MINNEAPOLIS (AP) — A drifter's conviction of murdering three American Indian women in Minneapolis in the 1980s should be thrown out because of newly discovered DNA evidence, the man's attorneys argued in court documents filed Tuesday.
Lawyers for Billy Glaze contend in a petition filed in Hennepin County District Court that the DNA evidence proves his innocence and that he should be granted a new trial.
Glaze, now 70, is serving three life sentences for the murders of Kathleen Bullman, Angeline Whitebird Sweet and Angela Green, in 1986 and 1987. The women were raped, killed and mutilated in similar ways, leading police to search for a serial killer.
According to a report by KARE-TV and Minnesota Public Radio News, Glaze wrote from prison to the Innocence Project, a group that uses DNA analysis to re-open criminal cases. Glaze, who was convicted in 1989, has always maintained his innocence.
The Innocence Project had three labs run DNA tests on dozens of pieces of evidence from the three Minneapolis crime scenes that led to Glaze's conviction. It took years to get the results, but Glaze's attorneys say the tests show there is no trace of DNA belonging to Glaze at any of the crime scenes.
"In a case like this where not only is it a violent homicide but there's also a sexual assault involved, you would certainly expect to see some DNA from the perpetrator at the scene and we didn't find any DNA from Billy Glaze," Innocence Project lawyer Olga Akselrod said.
Instead, the group said tests showed the DNA profile of another man — a convicted rapist —at two of the three murder scenes.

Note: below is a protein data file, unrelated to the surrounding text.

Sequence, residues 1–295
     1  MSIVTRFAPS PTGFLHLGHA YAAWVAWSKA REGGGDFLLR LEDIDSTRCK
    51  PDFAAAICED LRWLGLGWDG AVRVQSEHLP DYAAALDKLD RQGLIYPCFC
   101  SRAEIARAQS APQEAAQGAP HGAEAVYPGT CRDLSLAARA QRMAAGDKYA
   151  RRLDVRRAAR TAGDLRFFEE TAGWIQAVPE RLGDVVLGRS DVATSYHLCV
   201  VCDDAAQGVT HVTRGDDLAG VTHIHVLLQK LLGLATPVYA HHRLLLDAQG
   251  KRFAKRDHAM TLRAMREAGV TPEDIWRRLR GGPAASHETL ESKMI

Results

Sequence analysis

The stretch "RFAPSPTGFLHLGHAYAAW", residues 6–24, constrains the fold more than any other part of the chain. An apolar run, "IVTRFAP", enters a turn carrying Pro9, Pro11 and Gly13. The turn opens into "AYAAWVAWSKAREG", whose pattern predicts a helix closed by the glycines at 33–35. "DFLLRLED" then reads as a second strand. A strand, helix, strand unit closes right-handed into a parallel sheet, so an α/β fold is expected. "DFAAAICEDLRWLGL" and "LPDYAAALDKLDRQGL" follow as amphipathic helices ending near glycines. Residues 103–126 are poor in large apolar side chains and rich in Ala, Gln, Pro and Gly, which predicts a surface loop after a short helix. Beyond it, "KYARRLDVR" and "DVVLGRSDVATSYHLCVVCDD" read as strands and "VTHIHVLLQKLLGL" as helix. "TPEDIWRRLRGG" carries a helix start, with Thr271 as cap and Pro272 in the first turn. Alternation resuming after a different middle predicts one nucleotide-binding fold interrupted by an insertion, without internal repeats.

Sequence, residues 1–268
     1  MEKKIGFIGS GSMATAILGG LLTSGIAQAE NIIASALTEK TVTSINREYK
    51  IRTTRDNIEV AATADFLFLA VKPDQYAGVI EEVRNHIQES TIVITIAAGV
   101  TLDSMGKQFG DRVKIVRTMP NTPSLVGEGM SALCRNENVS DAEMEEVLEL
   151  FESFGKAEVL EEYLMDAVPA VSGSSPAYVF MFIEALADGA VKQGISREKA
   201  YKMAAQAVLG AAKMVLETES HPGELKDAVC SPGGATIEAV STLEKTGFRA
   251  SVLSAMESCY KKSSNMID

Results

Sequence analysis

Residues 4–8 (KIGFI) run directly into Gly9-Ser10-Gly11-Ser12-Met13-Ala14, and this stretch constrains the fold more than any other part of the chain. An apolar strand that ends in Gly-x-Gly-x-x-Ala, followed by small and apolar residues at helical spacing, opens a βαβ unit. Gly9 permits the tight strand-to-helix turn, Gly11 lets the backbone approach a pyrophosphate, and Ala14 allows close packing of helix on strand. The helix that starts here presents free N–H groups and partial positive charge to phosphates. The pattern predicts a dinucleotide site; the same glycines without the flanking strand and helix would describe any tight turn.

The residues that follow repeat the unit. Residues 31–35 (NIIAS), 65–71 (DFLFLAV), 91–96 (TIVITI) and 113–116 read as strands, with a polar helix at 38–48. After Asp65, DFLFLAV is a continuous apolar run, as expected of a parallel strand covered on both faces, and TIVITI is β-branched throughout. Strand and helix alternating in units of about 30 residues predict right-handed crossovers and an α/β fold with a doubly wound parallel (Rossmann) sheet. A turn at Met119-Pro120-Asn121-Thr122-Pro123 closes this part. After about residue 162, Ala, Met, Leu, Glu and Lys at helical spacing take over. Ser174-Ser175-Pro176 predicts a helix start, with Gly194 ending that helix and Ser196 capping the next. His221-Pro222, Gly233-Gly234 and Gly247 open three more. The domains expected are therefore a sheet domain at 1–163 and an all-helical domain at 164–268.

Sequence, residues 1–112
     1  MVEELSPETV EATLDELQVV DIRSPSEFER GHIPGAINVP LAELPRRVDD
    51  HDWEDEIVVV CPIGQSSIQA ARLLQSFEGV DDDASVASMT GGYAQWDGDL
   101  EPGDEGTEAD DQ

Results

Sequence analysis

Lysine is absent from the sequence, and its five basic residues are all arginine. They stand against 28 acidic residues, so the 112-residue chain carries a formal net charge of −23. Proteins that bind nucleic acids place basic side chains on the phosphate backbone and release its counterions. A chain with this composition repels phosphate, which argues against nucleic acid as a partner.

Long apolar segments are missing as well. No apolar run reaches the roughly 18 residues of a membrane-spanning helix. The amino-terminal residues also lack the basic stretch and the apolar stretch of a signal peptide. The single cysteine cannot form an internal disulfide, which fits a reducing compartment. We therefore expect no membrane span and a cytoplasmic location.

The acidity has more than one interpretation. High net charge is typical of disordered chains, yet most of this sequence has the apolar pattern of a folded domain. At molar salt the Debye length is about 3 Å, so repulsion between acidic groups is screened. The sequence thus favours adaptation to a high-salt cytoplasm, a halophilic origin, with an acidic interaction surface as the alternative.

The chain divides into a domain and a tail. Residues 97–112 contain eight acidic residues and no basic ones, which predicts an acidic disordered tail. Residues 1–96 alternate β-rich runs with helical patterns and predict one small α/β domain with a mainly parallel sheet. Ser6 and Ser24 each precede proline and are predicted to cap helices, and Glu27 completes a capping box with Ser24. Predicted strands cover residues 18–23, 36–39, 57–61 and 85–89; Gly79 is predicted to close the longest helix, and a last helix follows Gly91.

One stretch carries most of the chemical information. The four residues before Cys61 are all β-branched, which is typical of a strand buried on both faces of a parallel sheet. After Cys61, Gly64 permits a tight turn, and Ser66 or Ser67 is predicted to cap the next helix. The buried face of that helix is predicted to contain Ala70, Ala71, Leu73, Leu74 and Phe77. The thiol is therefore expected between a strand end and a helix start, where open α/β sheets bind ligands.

"You look at the evidence that they were able to present against Billy Glaze at the time of trial. It was the best they could come up with, with the tools they had available at the time," said Julie Jonas, an attorney with the Innocence Project of Minnesota.
"If they would have had what they have now against this person who really did the crimes, he would have been the one who was arrested. He would have been the one on trial," she said.
David Brown, chief criminal deputy for the Hennepin County Attorney's office, said the evidence against Glaze was "very strong," but the office will review the new claims and respond.
"There were eyewitness identifications. We had statements by him (Glaze) regarding his hatred of Native women and his desire to mutilate them. He had confessed to doing these three murders," Brown told The Associated Press.
Glaze, who is serving his prison sentence in Delaware, was not made available for comment by his attorneys, who said he suffers from mental illness, the Star Tribune reported.